It’s Wednesday, so that means Harula’s Wednesday Writers’ Well. This week Harula’s assignment is:
Today’s prompt (allow about 15 mins total) is called…Magic Glasses. Imagine you had a pair of Magic Glasses. These Magic Glasses will allow you to see anything you want to see, but can’t right now. First, make a list, speedily and spontaneously, of about 10 things you would like to be able to see.
So, you have your list, which was intended to wake your imagination up. Now choose one of those things, or something else if a new idea comes to mind as you start to write…
Ten things, hm…
- My parents who are both gone.
- How our trip to the UK will go in September.
- My dad’s band rehearsal at Welcome Inn.
- A visit to Devil’s Tower, Wyoming.
- What it would be like to be Calensariel (who is SO totally opposite of me).
- How it would feel to sit on a beach below Haceta Head Lighthouse in Oregon under the stars and just listen to the waves.
- What it would feel like to stand barefoot at Stonehenge in the grass to see if you could really feel the ley lines beneath.
- What my kids’ lives are going to be like ten years from now.
- (Since this is magic) I would like to meet the poets John O’Donohue and James Kavanaugh.
- What I might have been like had I grown up and stayed in my small home town in Ohio.
Gonna have to go with #3…
I make myself comfy on the love seat in the library/office where I’m at home with all my books. I take my glasses off and replace them with Harula’s magic pair. And quick as a wink I’m sitting on a bar stool in Welcome Inn, the club where my dad and his band play on Friday and Saturday nights. I’m all of six years old. Dressed in play clothes, my long, wavy, ginger-colored hair is combed for once, and my bangs are held back by a butterfly barrette. I’m swinging my feet which can’t touch the floor, and stirring my Coke with a swizzel stick the bar keep has given me, a real treat, since we seldom ever have soda at home. Normally I wouldn’t be allowed in here, but it’s Thursday afternoon and the bar hasn’t opened yet.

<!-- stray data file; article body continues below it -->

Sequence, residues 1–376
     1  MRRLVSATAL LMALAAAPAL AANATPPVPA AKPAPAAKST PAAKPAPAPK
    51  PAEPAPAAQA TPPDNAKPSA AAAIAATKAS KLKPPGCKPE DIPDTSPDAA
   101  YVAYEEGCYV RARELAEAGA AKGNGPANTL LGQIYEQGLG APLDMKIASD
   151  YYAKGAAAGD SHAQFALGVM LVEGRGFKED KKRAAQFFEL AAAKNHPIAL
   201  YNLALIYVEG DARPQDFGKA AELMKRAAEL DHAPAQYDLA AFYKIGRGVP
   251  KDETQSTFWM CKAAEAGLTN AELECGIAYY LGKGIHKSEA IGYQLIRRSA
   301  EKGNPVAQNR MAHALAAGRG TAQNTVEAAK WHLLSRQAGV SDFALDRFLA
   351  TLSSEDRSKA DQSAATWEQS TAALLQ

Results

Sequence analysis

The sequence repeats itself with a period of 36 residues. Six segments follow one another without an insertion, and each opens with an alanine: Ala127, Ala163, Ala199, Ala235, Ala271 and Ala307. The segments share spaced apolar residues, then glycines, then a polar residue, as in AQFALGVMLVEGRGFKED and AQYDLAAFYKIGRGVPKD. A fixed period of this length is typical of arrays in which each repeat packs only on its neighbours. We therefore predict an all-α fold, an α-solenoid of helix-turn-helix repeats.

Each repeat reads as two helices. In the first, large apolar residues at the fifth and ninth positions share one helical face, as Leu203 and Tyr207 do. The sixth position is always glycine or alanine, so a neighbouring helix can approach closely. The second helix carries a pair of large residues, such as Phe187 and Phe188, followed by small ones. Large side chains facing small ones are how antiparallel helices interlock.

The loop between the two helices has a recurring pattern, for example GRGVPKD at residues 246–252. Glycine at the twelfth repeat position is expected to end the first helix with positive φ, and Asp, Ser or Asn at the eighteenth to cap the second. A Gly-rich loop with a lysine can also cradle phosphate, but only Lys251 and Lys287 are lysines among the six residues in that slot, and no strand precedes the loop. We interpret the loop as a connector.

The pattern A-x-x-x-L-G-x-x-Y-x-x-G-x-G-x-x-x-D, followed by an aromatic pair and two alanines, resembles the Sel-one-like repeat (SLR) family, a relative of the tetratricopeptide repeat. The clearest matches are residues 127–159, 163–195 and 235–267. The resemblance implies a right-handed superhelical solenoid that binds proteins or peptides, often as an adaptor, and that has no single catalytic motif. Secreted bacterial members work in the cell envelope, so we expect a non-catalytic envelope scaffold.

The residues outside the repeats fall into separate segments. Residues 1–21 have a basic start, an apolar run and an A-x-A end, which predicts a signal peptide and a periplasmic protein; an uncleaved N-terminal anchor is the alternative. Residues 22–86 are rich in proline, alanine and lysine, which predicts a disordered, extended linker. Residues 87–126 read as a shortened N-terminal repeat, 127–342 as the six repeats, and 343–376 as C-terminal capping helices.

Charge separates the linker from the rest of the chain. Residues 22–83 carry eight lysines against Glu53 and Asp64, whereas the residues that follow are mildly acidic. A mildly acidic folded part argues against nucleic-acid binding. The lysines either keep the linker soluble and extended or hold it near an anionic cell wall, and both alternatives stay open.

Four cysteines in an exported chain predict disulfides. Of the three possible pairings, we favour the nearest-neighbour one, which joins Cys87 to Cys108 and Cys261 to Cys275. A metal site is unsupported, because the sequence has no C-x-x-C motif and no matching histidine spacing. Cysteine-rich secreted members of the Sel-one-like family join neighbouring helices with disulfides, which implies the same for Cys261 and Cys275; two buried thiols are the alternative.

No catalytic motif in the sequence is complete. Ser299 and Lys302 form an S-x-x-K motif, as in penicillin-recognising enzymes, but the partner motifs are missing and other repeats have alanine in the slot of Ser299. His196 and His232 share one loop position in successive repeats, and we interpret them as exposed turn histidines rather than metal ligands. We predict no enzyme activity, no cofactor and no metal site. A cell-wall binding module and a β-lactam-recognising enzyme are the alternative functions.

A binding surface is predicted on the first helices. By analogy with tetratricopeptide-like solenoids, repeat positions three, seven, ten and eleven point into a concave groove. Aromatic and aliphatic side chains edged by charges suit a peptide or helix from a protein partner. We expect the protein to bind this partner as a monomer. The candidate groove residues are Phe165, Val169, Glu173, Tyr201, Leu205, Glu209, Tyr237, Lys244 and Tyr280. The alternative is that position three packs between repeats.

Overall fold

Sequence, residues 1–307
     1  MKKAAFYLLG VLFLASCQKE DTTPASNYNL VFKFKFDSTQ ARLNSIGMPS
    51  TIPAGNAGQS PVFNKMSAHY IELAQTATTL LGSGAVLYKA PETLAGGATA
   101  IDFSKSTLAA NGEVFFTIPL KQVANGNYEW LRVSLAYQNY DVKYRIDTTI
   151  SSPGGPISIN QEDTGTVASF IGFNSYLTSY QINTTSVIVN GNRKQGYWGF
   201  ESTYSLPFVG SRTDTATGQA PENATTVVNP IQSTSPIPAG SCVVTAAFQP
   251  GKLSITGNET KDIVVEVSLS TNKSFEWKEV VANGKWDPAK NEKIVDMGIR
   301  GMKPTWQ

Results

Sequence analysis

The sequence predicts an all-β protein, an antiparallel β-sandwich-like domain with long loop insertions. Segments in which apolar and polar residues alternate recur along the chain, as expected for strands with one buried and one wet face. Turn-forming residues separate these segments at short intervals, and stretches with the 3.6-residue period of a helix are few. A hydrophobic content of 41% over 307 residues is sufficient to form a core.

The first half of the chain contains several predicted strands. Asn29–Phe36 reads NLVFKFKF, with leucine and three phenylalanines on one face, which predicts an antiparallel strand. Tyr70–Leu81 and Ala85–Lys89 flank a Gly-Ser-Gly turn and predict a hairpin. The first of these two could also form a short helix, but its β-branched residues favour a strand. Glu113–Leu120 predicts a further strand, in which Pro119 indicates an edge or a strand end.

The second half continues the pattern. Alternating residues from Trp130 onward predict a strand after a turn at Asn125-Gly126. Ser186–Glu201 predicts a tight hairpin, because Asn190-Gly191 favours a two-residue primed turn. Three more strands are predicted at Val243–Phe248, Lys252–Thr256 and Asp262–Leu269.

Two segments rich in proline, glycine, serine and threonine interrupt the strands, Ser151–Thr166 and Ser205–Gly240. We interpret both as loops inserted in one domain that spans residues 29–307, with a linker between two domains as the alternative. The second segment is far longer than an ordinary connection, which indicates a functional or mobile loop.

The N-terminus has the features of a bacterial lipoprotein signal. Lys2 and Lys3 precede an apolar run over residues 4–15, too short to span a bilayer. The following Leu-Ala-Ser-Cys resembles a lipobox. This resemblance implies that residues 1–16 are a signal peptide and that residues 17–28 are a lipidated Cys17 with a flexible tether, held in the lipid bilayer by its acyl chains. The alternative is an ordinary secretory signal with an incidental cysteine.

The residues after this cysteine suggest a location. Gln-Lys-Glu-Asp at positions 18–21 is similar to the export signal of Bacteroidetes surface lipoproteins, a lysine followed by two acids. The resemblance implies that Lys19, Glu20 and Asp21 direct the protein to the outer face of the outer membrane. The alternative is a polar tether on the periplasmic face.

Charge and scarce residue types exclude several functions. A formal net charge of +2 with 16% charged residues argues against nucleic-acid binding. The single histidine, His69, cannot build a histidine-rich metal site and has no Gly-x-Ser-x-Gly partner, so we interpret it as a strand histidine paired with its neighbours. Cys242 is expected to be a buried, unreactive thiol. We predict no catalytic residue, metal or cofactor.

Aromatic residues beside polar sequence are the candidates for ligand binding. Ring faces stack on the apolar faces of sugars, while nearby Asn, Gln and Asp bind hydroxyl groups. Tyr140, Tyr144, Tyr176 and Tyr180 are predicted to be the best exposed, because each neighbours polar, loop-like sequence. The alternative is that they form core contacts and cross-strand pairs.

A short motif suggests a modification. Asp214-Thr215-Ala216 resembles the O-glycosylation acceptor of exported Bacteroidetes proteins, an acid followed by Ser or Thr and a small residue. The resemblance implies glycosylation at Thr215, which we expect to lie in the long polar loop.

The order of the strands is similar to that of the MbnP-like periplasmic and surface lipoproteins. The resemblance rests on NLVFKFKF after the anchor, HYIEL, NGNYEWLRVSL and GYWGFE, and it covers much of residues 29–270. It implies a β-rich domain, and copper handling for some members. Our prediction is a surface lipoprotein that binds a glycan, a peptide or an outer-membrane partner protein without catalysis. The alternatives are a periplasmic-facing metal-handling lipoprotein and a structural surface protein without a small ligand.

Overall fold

After awhile Chet, the drummer, asks me if I want to play the drums. I scoot down from the stood and climb up on the stage where he sits me on his lap and hands me two brush-like sticks to play with. His big hands over mine, he’s guiding the brushes around the worn drum heads making a soft swishing sound. And as the band begins a song, I’m lost in the music.
I don’t know that I’ve ever been that happy ever. I love the people in dad’s band. Marion the piano player who always wears the most beautiful dresses, even when she doesn’t have to. She looks like a model out of my mom’s Avon magazine. Marion the sax player. Tall and skinny with a mustache, he can make that sax whine so that it nearly makes me cry. It’s my favorite instrument. Then there’s Chuck, the rhythm guitar player. He doesn’t seem to do much but strum the guitar, but I guess he’s kind of who keeps them all together. And Chet, who feels like my own grandpa. Oh! I can’t forget my dad! He’s gorgeous, with his laughing blue eyes and beautiful voice.
If I could choose one day to be a groundhog day for me (ala bill Murray), I think this just might be it! Coke, music, and the feeling that I’m making music, too. It’s in my blood…
I take the glasses off and feel a little sad that I never pursued playing an instrument when I was younger. Piano lessons at 50 just don’t cut it. But I’ve always been able to sing, so I guess I got SOMETHING from my dad..😀 What a magical afternoon that was for me, drifting off to sleep later on top all the coats piled on a booth bench. How heavenly that was to fall asleep to the music. I think that’s how I remember so many of the songs from the 40’s and 50’s… And that’s how I always see my dad when I think of him.